Condiments like salad dressings, ketchup, jams and barbecue sauces are loaded with sugar. (And might even contain more sugar than your whole meal!)




Indoor and outdoor pollutants can lead to acute respiratory infections, heart disease and skin problems. It is thought that pollutants compromise the immune system, which is further compromised if you have deficiencies of certain micronutrients.

From a scientific point of view, this is what occurs: Airborne pollution leads to increased pulmonary intake of reactive oxygen species (ROS). When we inhale, particulate matter (PM) enters the respiratory (lung) system, causing coughing and sneezing. The finest particulate matter, PM2.5, travels all the way to the alveoli and causes local and systematic harm, including increased oxidative stress and increased inflammation. In addition, there is evidence of specific mechanisms whereby PM2.5, traffic-related or combustion-related air pollution exposure can affect the cardiovascular system.

Micronutrient intake is important with regard to the sensitivity of an individual to air pollution ; it affects the composition and quantity of antioxidants in the respiratory tract lining fluid (RTLF) of the lungs. The older you are, the more likely it is that you could have a micronutrient deficiency, which is probably the reason elderly people are 2-10 times more likely to die of an infection than younger people.



Vitamin A is important for innate, cell-mediated immunity and antibody response. Retinoic acid in particular imprints protective T-cells and B-cells into intestinal tissues.

Vitamin D, in the active form of 1,25(OH)2D3, is a potent immunomodulator. In addition, it enhances innate immunity by increasing the differentiation of monocytes into macrophages.

Vitamin E is a key, fat-soluble antioxidant capable of protecting cell membranes from oxidative damage. It also enhances T-cell-mediated functions. Vitamin E is an integral component of the alveolar surface of the lung and directly affects lung function.

Vitamin C is a key, water-soluble antioxidant which helps maintain the redox balance inside cells. It also helps regenerate vitamin E as well as stimulating the transit of neutrophils and monocytes. Vitamin C is particularly important inside the lungs to help counter the presence of inhaled oxidative substances.

Vitamins B6, B12, and folic acid modulate immune function by means of nucleic acid and protein biosynthesis.

Selenium has an important role in redox regulation via glutathione peroxidases by removing excess ROS. Zinc, iron, and copper are critical components of enzymes which are required for the correct functioning of immune cells.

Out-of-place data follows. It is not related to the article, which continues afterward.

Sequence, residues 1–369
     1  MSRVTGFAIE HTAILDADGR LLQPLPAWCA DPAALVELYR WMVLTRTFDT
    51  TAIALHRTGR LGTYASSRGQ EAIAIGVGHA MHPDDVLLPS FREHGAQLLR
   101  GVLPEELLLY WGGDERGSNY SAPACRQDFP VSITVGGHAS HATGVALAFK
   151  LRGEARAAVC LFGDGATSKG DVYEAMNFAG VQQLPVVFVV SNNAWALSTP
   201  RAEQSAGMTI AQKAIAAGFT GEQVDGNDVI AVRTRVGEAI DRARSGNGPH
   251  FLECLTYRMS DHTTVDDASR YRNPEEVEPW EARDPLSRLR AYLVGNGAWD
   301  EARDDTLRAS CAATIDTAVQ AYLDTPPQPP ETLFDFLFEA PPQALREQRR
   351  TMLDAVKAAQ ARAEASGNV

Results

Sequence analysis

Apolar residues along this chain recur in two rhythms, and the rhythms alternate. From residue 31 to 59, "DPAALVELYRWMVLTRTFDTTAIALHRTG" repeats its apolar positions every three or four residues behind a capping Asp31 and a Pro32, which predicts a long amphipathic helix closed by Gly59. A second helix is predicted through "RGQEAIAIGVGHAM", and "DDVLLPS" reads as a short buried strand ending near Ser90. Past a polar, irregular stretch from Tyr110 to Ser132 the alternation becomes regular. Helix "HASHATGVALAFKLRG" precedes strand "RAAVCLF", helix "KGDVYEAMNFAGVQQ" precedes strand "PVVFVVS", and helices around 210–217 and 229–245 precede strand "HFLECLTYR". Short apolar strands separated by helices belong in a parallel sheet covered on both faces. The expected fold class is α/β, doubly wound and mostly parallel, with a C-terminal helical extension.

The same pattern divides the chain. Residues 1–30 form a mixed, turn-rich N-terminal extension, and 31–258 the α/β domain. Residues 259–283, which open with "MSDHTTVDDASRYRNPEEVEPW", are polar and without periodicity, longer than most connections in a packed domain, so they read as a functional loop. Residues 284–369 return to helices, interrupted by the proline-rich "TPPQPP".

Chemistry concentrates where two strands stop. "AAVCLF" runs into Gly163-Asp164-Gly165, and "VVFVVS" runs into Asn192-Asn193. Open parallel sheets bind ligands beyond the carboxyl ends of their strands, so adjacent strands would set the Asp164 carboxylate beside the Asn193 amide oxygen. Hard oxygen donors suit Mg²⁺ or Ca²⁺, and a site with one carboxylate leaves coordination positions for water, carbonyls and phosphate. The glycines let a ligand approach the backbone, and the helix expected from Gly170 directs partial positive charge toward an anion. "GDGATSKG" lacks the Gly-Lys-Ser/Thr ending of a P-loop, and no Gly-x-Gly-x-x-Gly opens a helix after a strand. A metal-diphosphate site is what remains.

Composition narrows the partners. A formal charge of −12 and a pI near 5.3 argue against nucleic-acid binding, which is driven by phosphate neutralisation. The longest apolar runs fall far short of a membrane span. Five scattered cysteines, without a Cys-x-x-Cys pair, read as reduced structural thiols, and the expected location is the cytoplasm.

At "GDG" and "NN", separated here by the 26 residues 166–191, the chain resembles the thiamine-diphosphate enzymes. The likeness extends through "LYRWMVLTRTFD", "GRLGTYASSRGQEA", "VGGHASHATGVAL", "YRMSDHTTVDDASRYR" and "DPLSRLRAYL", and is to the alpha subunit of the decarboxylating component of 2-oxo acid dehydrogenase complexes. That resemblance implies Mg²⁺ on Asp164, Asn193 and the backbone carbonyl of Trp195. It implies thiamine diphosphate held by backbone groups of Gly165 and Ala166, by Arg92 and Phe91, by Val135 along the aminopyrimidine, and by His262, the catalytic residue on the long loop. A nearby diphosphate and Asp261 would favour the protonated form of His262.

Intracellular micronutrients can be tested by a simple blood test that we draw in the office. If you would like to be checked, call our office. 941-747-2090




A recent study on healthy eating in women showed a 75% decrease in the risk of getting breast cancer. Consuming deep fried foods actually increased the risk by a factor of 8!  Other cancers associated with deep fried foods include: pancreatic cancer, lung cancer, oral and throat cancers, esophageal cancer, and cancer of the larynx. Diets characterized by higher consumption or foods like legumes, cooked greens, cabbage, sweet potatoes and cornbread may reduce the severity of breast cancer. Men who ate deep fried foods showed a greater risk of getting prostate cancer, including more aggressive forms.

So why is deep frying bad for us? First of all it increases oxidative stress and damage to the cells in the body. The more the oil is reused, the more oxidative damage to the body. (Hint: If you are going to order fries, do so earlier in the day as most fast food restaurants reuse the oil over and over. Carcinogens like heterocyclic amines and polycyclic aromatic hydrocarbons form when the meat of chicken and fish are deep fried. Acrylamide is a carcinogen formed from frying vegetables and has been associated with endometrial cancer, ovarian cancer, lung cancer, kidney cancer, and esophageal cancer.

(Another problem with deep fried foods is that flour and batter are very fattening and are associated with both diabetes and obesity.)

Researchers urge that if you do fry, the cooking temperature should be as low as possible and the cooking time should be as short as possible.




Tinnitus (ringing in the ears) is a very common medical condition. Sometimes it can be caused by a loss of hearing or as a side effect to medications like high dose aspirin. There are no good treatments for this and most of the time you just have to learn to live with it.

I frequently ask patients to let me know if they ever come across any supplements that may help and I’m still waiting to hear from them. That said, a couple of studies have shown that Pycnogenol may increase blood flow to the inner ear and reduce symptoms. Melatonin may also help but it probably just works by helping people to sleep. Some people recommend Zinc and Vitamin B12 but these two supplements have never clinically been shown to reduce symptoms. Likewise, Ginkgo biloba, CoQ10 and Lipo-Flavonoid are three supplements often touted, but do not work.

Unfortunately, there are no proven medical treatments for tinnitus.



A recent study looked at eye pressure in glaucoma patients using glucosamine supplements. They discovered that eye pressure went up when taking glucosamine and dropped back down when it was stopped.

There are also many medications that should be avoided in glaucoma patients. If you are taking glucosamine for arthritis and have glaucoma, you might want to discuss this with your eye doctor.